How much experience do LandlordInvest’s key people have?
LandlordInvest’s weak spot is its lack of the most relevant banking experience in its key operational positions. Our starting point in assessing platforms with less experience is to be cautious and cynical, and we expect them to prove themselves to us.
While there’s always some increased uncertainty while a good record is still being built up, I believe that LandlordInvest understands what it is doing despite its limited experience. In four years it has made no obvious rookie mistakes and lending performance has been excellent. Qualitatively, I don’t get the sense that its people are merely parroting phrases to us that it has read on the internet, but that it genuinely has a fair understanding of what’s important for these kinds of loans and that it behaves in a disciplined way.
LandlordInvest review: lending processes
LandlordInvest uses an approach akin to what engineers call a “risk register”, in which the starting point of its loan application assessment being to score various risks and multiply them together. It’s a common method for these kinds of loans. The properties are always physically inspected by an independent assessor, which is not the case at all P2P lending companies. It’s excellent to see from a risk-control perspective.
LandlordInvest demonstrated that it considers both the borrower’s intended use of the funds and the strategy that the borrower has for repaying the loan to be of huge importance; the former is very nice from a risk perspective and the latter is essential.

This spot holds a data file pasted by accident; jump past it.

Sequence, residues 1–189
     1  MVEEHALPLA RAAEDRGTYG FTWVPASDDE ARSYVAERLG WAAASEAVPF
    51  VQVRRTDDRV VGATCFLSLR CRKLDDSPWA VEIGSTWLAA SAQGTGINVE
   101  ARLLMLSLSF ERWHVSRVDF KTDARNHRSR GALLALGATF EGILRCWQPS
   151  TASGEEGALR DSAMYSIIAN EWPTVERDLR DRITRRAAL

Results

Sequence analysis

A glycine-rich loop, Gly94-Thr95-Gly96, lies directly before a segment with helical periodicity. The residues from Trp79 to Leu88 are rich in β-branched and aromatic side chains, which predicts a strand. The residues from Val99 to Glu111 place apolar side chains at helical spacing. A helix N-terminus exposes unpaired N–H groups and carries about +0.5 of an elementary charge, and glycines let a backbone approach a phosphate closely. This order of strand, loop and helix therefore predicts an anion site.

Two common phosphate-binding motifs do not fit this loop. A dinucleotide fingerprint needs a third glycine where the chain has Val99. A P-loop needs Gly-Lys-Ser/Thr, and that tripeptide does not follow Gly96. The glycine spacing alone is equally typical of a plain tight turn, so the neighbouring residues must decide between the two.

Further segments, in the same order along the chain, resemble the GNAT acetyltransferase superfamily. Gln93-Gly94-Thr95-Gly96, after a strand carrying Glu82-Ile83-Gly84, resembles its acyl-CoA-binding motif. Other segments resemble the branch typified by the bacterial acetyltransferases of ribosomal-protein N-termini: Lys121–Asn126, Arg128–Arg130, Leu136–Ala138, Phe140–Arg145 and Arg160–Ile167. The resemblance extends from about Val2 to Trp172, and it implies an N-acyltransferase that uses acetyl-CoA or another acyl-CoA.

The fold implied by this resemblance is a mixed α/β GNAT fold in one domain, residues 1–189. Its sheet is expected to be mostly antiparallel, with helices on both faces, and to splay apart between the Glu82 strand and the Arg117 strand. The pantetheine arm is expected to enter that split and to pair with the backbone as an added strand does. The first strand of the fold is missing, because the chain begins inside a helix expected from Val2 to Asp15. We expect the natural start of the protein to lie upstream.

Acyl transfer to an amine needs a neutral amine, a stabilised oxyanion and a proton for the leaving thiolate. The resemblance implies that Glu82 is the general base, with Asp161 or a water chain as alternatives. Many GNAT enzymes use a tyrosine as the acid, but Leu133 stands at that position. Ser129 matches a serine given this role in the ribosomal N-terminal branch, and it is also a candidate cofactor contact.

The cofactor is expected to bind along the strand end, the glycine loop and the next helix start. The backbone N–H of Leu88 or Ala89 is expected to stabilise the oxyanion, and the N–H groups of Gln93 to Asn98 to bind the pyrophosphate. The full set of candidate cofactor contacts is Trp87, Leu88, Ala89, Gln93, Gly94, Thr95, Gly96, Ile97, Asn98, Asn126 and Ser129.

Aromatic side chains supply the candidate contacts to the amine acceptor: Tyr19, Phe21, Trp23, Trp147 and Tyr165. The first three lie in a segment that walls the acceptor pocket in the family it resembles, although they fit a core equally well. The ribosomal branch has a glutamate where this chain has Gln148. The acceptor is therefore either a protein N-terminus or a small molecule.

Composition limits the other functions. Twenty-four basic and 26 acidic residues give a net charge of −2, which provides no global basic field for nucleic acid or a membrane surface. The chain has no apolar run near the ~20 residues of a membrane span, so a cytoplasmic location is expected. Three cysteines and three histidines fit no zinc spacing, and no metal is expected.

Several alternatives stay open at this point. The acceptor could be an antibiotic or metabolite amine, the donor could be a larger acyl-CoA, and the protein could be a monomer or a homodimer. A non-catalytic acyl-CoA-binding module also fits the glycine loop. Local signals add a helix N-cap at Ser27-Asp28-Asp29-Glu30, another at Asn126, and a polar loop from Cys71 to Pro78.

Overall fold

Loans are reasonably spread out across England and Wales.
LandlordInvest quickly responds to loans that fall late. Again, this is essential, because it increases the chances of recovering the full debt.
How good are LandlordInvest’s interest rates, bad debts and margin of safety?
In 2021, LandlordInvest scraped through with just enough history for us to conduct our ratings tests. As a result of the borderline length and breadth of its history, it was heavily penalised in our background calculations. And yet, even with the penalties, it had managed to earn the top 4thWay PLUS Rating, which is a very notable achievement.
Over-and-above the calculated ratings based on strict version of the international banking “Basel” tests, the aggregated evidence, both qualitative and quantitative, indicated that LandlordInvest conducts its lending sensibly.
However, LandlordInvest has not continued to supply us with all of the detailed data we require from all P2P lending companies as a minimum for allowing a ratings assessment. Its lending accounts are therefore currently unrated.
Despite this, it still seems more likely than not that lenders today will earn a highly satisfactory return LandlordInvest, provided you spread your money across as many loans as possible.
The interest rate of 10.46% is after bad debts, which are zero at time of writing. LandlordInvest itself had forecast between 0.28% and 4.48% bad debts per year, depending on the quality of the loan and borrower, so it has so far considerably outperformed its own expectations.
Has LandlordInvest provided enough information to assess the risks?
The process for getting listed on 4thWay is a long and arduous journey for P2P lending platforms, as our assessment processes and checks have been continually honed since 2014. I feel like LandlordInvest had a particularly long-winded journey, which it handled calmly, with openness and patience. You’ve got to appreciate the effort that P2P lending companies put in to provide 4thWay and individual lenders with more than enough information to make an assessment.